Buyers of foreclosed homes, or anywhere you are not able to obtain a seller disclosure, make sure you check with the police in the jurisdiction where the home is located. Even with seller disclosure, this is probably a good idea anyway; the previous owners may have unexplained illnesses, but never discovered the possible reason.
Although other information is migrated from the EMC database, your pay-from accounts need to be re-verified in the new system. Chase offers you two options: the traditional deposit and verify or “Instant Verification System.” I’m a fine print reader. Although the IVS appealed to me so I could get on with paying the mortgage, I took the time to read. In Internet verbiage, OMG. Continue reading “Read the fine print”
As a child, did you ever know anyone who purposely got in trouble in order to be sent to the principal’s office? Usually it was either a crush on the administrator or more likely, a test to be avoided.
The Associated Press gets high marks for a story today about the continuation of robo-signing, which we thought was dealt with because we’re decent folk, aren’t we? We get told, “Don’t do that,” so we don’t! Or maybe not.
The AP uncovered not only foreclosure documents still being signed, but also other types of real estate papers, citing mortgage discharge documents in one particular instance. What the AP didn’t do is figure out if the banks are perpetrating a naughty in order to get sent to the principal’s office. Continue reading “Outside the box”
I feel “under the gun” today. I just had coffee with a very nice representative of Old Republic Title Company and during our discussion he mentioned having read this blog. He also said it appeared I updated it regularly. Ack! The pressure. Ommmmmmm. OK, I’m better now, but definitely feel the need to pull out a draft I was working on and get it into everyone’s eager waiting hands.
Disclaimer – I spilled coffee on my desktop keyboard this morning. It’s been sent through the wash and rinse cycle (just kidding, sort of) and is now drying out. I am typing on my laptop, connecting remotely and making all “soorts” of keyboard errors on the smaller keypad. Bear with me, leave me your cryptic editing notes and I promise I’ll fix the “ishews” later!
Today’s topic? How to kill a really excellent deal.
Treading some thin water here, so read between the lines.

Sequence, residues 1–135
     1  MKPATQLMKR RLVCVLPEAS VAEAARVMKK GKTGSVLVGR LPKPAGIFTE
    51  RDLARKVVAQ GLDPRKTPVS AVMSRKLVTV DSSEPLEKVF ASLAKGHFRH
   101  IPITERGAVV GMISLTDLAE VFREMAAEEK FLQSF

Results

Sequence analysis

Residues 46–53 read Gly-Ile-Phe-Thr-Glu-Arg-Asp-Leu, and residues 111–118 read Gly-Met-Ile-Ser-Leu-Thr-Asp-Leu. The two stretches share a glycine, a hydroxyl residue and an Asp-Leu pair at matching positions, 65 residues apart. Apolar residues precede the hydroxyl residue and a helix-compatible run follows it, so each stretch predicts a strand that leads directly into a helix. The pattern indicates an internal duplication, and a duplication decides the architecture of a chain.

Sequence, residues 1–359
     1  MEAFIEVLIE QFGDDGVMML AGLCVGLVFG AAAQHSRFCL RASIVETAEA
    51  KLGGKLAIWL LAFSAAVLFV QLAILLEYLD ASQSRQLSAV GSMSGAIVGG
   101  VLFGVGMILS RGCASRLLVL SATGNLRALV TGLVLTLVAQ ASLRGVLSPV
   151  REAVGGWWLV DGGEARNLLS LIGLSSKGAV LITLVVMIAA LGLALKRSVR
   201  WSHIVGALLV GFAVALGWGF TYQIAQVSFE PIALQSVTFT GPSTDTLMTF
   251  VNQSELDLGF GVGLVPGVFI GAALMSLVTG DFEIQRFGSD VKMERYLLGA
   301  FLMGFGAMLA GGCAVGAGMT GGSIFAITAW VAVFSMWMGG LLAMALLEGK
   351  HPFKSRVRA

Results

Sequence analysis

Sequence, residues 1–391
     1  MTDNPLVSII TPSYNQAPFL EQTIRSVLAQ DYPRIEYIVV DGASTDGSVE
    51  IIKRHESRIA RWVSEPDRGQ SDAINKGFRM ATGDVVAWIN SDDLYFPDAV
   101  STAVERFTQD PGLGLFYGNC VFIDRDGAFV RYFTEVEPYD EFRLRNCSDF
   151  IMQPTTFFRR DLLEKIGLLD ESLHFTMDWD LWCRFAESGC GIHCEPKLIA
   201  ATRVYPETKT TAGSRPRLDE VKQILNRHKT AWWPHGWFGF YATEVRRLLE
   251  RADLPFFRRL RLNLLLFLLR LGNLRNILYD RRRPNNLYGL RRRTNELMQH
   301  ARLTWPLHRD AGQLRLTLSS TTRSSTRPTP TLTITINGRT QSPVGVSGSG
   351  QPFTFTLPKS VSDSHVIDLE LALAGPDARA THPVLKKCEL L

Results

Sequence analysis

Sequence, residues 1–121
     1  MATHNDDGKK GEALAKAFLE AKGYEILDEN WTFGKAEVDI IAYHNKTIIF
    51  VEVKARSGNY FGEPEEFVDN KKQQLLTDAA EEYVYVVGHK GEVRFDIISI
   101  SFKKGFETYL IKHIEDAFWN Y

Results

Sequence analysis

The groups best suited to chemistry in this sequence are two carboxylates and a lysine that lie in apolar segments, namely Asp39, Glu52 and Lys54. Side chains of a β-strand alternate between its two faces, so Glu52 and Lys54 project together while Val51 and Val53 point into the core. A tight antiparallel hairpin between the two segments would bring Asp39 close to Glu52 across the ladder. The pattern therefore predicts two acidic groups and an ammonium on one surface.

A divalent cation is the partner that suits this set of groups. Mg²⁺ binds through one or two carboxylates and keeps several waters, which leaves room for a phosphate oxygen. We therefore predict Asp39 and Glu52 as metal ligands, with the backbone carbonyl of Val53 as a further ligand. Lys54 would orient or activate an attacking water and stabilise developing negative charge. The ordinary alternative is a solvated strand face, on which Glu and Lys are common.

This is not a posting about the unsettling in the Middle East, although it will ultimately trickle down to both investment and “retail” real estate. Rather one (or perhaps more) of the investing guru’s you may have heard of or encountered is offering not only real estate knowledge, but the possibility of even more money in the form of nutritional/well being products. I know this because we have been offered this great opportunity (didn’t take it), have talked with several people who got in at that time, and was reminded again this morning when a young man who is working hard at his business sent me a lovely opportunity note. I haven’t confirmed with him yet whether it was Company X, but I’m willing to bet that it is. Company X is running in investor circles. Continue reading “Doing investing, Egyptian style”
This is an almost 8 minute video, but worth the watch.
I learned a new word today. I found it reading an article in the British press about entities which the coalition government is targeting for closure, to help with the budget issues facing their government. What struck me was the extensive list they had to choose from. I kept scrolling and scrolling and scrolling and scrolling and scrolling and scrolling …
Then I started to do the math. If each one of these entities employed 15 people (and you know it takes that many just to push the elevator buttons in some organizations), and if they paid each of those people a mere £35,000 a year (that’s Alt+0163 for those of you wondering, “How can I put a pound sign on my numbers?”), what sort of bunker busting number would we come up with? As I didn’t actually count all the title listings, we’ll just say, way more money than we would need to buy a small house in the country and fill up all the sinks with precious stones.
August 11, 2010. Multiple brokers have encountered the following scam: A foreign buyer contacts the listing broker offering to purchase the property sight-unseen. The buyer can verify funds for the purchase. The buyer sends a cashier’s check to escrow for a portion of the purchase price, which appears to be a valid check. The buyer then contacts escrow and asks escrow to send a portion of the funds back to the buyer. The cashier’s check turns out to be fake. Please be cautious if you encounter a similar situation.Information courtesy of the NWMLS